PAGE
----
1. Find yourself two trees far enough apart to string your tarp or poncho. Using a bowline, girth hitch, and taut-line hitch, string your ridgeline. Make some toggles and secure your tarp as a lean-to, maybe with a little overhang.
2. Underneath your poncho-tarp, string up your aluminized blanket. The idea is that both of these layers create an air pocket between them and help to block the wind.
3. Using your feet or a rake if you’ve got one, rake up a pile of debris a few feet thick for your mattress. This is where the bivy sack or mattress cover is nice to have, because you can fill it with leaves and sleep on top of it. It’s cleaner and drier. If there’s thick snow on the ground or your leaves are soaking wet, skip this step and use a ground pad or extra space blanket if you’ve got one. If there’s a lot of snow and you wanna go full bushcraft, you can make a wood bed frame with a cold air well underneath it. But that’s a tip for another day. A word on leaves – your compression ratio is 4-to-1, which means that every foot of leaves you put down, it’ll compress down to 4.”
4. Unfurl your drop sheet and cover your lean-to with it. Tuck it under the back side and roll it up with one pole, and use the other pole to secure the front. If you’re lacking a ground cloth, you can bring it all the way under your shelter to cover the ground. Secure your ends with the clothespins/safety pins, or simply poke the pole ends and wooden toggles through the drop sheet. Make sure you’ve got vents you can open to give yourself fresh air and allow moisture to escape.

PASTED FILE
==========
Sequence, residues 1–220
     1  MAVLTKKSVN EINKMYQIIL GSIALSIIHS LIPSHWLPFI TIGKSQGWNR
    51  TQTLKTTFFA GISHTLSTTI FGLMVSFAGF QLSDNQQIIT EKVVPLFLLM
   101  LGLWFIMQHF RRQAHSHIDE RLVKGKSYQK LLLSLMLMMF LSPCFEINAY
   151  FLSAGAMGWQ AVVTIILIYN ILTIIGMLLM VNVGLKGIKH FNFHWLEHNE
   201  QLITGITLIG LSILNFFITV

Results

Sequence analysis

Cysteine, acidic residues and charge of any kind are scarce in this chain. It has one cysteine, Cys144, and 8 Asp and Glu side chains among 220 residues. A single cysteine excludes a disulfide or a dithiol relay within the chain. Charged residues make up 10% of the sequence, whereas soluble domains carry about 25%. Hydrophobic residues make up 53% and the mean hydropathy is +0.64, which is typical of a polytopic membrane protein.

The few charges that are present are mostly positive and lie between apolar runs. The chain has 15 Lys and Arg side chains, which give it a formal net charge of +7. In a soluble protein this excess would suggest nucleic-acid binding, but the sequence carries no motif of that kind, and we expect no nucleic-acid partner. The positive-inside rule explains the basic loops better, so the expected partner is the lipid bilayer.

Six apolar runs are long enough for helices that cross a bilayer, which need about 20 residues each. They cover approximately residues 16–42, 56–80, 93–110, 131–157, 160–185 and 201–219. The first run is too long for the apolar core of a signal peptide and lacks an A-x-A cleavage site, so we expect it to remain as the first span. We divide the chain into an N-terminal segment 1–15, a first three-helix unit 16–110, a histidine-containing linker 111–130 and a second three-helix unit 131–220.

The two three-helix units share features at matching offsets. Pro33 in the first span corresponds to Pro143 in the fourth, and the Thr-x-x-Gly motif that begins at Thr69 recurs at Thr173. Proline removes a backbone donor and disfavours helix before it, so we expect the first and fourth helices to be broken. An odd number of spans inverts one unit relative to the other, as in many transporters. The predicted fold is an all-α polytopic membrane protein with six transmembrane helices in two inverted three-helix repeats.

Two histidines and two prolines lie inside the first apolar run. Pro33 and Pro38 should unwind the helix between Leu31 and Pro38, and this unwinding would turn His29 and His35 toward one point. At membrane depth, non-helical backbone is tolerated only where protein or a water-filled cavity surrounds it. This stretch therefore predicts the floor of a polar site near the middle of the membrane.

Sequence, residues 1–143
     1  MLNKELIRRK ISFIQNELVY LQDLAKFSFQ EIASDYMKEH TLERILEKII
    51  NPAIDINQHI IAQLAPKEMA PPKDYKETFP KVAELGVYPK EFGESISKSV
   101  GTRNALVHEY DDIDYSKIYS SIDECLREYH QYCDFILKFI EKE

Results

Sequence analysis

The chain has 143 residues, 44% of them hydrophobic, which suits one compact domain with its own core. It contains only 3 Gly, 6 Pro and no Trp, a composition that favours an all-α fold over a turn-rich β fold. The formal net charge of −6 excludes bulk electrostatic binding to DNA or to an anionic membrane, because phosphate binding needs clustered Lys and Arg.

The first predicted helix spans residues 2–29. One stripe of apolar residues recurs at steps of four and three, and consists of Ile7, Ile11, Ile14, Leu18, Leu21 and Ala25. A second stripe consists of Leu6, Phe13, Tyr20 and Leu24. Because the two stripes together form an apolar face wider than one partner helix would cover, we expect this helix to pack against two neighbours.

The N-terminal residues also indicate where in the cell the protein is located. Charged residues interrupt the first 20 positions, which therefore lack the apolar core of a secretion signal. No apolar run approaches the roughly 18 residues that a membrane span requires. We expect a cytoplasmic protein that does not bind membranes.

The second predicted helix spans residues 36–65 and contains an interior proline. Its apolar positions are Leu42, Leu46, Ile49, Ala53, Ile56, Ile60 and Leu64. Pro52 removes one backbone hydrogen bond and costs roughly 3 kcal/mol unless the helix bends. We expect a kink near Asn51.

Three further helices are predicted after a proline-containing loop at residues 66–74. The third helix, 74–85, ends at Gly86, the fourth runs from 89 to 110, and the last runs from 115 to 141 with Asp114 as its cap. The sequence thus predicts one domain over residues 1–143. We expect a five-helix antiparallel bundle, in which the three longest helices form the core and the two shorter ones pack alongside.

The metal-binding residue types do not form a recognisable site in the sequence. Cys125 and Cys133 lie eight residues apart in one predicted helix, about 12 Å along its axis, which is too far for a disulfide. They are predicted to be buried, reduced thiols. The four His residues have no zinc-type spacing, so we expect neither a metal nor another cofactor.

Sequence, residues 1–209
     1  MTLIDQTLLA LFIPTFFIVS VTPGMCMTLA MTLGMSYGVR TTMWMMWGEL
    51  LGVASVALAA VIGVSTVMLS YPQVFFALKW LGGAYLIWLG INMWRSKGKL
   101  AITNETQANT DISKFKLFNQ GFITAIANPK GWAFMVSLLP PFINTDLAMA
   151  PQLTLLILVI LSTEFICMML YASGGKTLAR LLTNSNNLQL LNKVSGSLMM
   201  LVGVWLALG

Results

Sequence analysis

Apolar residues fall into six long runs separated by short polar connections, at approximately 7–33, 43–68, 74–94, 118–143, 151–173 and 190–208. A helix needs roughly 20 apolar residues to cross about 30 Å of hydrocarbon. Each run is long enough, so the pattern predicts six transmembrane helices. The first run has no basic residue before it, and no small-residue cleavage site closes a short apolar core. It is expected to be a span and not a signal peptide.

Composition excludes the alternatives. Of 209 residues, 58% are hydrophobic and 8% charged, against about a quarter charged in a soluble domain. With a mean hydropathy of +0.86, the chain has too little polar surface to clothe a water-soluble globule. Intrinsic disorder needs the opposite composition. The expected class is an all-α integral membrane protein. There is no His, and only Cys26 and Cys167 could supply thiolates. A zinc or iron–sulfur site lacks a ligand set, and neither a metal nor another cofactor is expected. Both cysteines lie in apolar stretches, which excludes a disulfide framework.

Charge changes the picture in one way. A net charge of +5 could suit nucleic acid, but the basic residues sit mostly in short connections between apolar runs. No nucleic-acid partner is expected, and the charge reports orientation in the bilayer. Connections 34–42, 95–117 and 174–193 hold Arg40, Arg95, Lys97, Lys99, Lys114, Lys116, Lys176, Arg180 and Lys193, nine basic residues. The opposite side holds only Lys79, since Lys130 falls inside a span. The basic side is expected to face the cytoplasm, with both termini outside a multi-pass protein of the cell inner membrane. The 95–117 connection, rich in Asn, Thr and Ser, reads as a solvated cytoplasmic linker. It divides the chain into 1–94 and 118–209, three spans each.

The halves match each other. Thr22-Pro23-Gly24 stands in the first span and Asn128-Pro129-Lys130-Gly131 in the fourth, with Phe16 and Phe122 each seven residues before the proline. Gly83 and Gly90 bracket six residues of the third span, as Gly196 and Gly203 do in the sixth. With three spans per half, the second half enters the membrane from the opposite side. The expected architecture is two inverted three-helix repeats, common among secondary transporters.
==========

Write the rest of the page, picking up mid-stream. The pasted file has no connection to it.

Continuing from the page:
5. Build a long fire or Siberian fire one big step in front of your shelter. Don’t risk going closer because the plastic drop sheet can and will burn. This is a fire-dependent shelter – you can use it without it, but you’ll be far more comfortable with it.
This shelter works on the principle of reflecting and trapping heat. The aluminized blanket reflects heat from you and the fire back into the shelter, where it’s trapped by the plastic sheeting. The poncho creates an extra layer of trapped air on the non-fire side to keep you warm. And believe us when we say… it really, really works. A recent example: This past weekend at the annual DuPont Rescue Experience in DuPont State Forest, NC, we featured this shelter as part of our wilderness survival class and decided to leave it up overnight for kicks and giggles. Overnight temps dropped down to about twenty degrees, but inside the shelter it was… get this… 105 degrees! We had a fairly large long fire set up in front of it, and the wind wasn’t too strong, but otherwise, it was by the book. If you were unexpectedly stuck in the woods on a cold, wet, rainy night, you couldn’t ask for better. In fact, this shelter far outperforms many fancy store-bought shelter for a fraction of the cost and weight. Say you spend $20 for a decent poncho and $15 for a heavy-duty casualty blanket, $5 for a drop sheet and a few bucks for paracord, you still come out of this deal for under $50. And after you practice it a few times, you can get this shelter up in less than five minutes, which is great for those of us who run search & rescue ops in the deep woods and come upon hypothermic patients who may not be able to be extracted quickly. Even without the fire, your own body heat will warm it up to the point that you won’t freeze to death.
What more could you want in a winter survival shelter? It’s fast, warm, waterproof, lightweight, and cheap. The wraparound plastic even has the benefit of keeping smoke out of the shelter, which not many other designs can say. All of its components are multitaskers – the poncho has a myriad of uses, the casualty blanket does as well. The plastic sheeting can be used for water collection or reinforcing a primitive shelter if the weather’s not as cold. All of them are compact and take up little space in your pack. So carry them as you venture afield, and in the meantime, practice setting this shelter up a time or two. Get comfortable with putting it up quickly, heck, sleep in it in your backyard. We guarantee you’ll be blown away.